The Apple (NASDAQ:AAPL) rumor mill has been hard at work lately, with plenty of folks prognosticating about what exactly Steve Jobs would announce today in the company's "It's Showtime" event. I found the actual announcements mostly underwhelming, with some potential bright spots on the horizon.
First off, there's a whole slew of new iPods at new price points, with increased storage capacity. For example, the newest high-end iPod will have 80 gigabytes of memory for $349. New iPod-ready video games like Tetris, Pac-Man, and Bejeweled, available through iTunes, are kind of nice, but certainly nothing earth-shattering. (I already play Tetris on my cell phone all the time, even though it cramps up my hands.)
Additional storage space goes without saying, given consumers' increasing interest in downloadable video. And while Apple did make good on digital movie downloads, it hasn't gone the whole nine yards. Its first offerings are only from Disney (NYSE:DIS) and subsidiaries Pixar, Touchstone, and Miramax -- a no-brainer considering Jobs' Disney connection. The iTunes offerings also address one of the major hurdles in digital film downloading: price. New releases will sell for $12.99 when preordered or purchased in the week following the release of the digital and DVD versions, and $14.99 thereafter. (Older titles will sell for $9.99.) Those prices seem more reasonable than the fees charged by other nascent digital movie offerings like CinemaNow and Movielink, which struck me as far too expensive to get consumers terribly interested.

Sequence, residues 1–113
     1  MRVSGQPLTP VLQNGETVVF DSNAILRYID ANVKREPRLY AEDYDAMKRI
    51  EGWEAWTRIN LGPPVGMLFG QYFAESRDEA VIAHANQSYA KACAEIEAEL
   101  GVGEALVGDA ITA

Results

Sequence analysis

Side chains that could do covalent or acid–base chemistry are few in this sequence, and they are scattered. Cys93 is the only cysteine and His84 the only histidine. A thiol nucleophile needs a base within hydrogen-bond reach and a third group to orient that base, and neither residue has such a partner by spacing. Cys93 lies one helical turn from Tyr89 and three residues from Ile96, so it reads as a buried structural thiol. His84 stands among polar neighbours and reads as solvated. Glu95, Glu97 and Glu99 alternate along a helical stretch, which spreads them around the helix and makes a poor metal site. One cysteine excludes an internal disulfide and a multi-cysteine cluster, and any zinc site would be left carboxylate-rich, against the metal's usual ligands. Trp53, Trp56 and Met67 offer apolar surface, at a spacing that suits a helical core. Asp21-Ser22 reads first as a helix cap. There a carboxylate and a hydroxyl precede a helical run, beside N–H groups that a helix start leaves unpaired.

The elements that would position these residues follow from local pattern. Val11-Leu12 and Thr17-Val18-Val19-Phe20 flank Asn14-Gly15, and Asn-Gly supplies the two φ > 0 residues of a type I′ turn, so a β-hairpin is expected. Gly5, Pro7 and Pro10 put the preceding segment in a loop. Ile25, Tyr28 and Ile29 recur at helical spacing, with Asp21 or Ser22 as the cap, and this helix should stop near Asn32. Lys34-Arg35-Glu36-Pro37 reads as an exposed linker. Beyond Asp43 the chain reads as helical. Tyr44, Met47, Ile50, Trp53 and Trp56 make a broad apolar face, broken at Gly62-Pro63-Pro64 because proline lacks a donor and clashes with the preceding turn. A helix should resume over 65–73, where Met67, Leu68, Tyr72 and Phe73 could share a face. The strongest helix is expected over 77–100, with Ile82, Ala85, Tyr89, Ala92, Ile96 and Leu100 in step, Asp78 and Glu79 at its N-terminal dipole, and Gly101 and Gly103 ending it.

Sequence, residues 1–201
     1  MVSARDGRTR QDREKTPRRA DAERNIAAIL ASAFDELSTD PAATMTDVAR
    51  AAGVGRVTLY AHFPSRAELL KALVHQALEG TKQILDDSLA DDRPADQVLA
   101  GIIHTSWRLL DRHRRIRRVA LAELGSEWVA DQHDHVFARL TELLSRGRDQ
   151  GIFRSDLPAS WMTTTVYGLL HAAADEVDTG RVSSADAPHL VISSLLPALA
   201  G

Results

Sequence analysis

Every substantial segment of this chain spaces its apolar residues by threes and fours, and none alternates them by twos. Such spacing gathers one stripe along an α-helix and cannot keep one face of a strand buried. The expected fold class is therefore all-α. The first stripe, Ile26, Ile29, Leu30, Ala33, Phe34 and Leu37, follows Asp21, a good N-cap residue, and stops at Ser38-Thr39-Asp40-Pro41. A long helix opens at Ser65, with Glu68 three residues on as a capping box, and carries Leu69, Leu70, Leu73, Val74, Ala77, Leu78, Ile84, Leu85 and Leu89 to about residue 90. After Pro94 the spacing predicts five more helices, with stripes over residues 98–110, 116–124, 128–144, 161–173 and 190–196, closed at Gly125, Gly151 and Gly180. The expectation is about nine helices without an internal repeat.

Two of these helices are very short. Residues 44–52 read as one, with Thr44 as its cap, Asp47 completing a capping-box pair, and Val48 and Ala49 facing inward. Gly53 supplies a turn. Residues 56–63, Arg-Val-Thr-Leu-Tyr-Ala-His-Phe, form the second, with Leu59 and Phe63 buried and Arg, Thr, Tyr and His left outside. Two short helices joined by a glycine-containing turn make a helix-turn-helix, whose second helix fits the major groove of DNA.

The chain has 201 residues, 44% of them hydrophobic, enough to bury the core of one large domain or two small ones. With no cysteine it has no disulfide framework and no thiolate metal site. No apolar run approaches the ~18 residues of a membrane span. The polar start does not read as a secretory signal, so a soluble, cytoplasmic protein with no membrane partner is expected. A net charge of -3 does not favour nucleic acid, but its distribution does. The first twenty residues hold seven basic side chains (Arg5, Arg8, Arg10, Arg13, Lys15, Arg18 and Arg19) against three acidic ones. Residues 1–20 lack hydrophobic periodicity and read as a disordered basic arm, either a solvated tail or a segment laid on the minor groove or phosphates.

However, it's disappointing that more movie studios aren't involved yet. Although more studios will likely join -- Lions Gate (NYSE:LGF) recently spilled the beans on pending distribution through iTunes -- it's well-known that movie studios are reluctant to give Apple too much pricing freedom.
Another hurdle to consumer adoption has been the inability to burn downloaded movies to DVD, for easy viewing on a TV set. To circumvent that obstacle, Jobs previewed iTV, a device that will allow people to wirelessly view movies and TV shows they've downloaded to their Macs and PCs on their TVs. That device, expected to retail for $299, is probably the most exciting part of the announcement, but alas, iTV won't be available until the first quarter of 2007. Meanwhile, one of the longest running Apple iPod rumors of all time -- the mythical cell phone/iPod hybrid -- remained a no-show.
Apple needed to impress today, and I'm not quite sure it did. Competitors are encroaching more than ever, from Microsoft's (NASDAQ:MSFT) Zune media player to Amazon.com's (NASDAQ:AMZN) Unbox video download service. Even News Corp.'s (NYSE:NWS) MySpace is opening its own music store. I still have a lot of faith in Apple as company, but while shares receded to more comfortable entry points earlier this year, they're once again nearing heights that may prompt investors to wonder whether Apple can keep up with the market's high expectations, especially with rivals growing increasingly aggressive.
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Alyce Lomax does not own shares of any of the companies mentioned.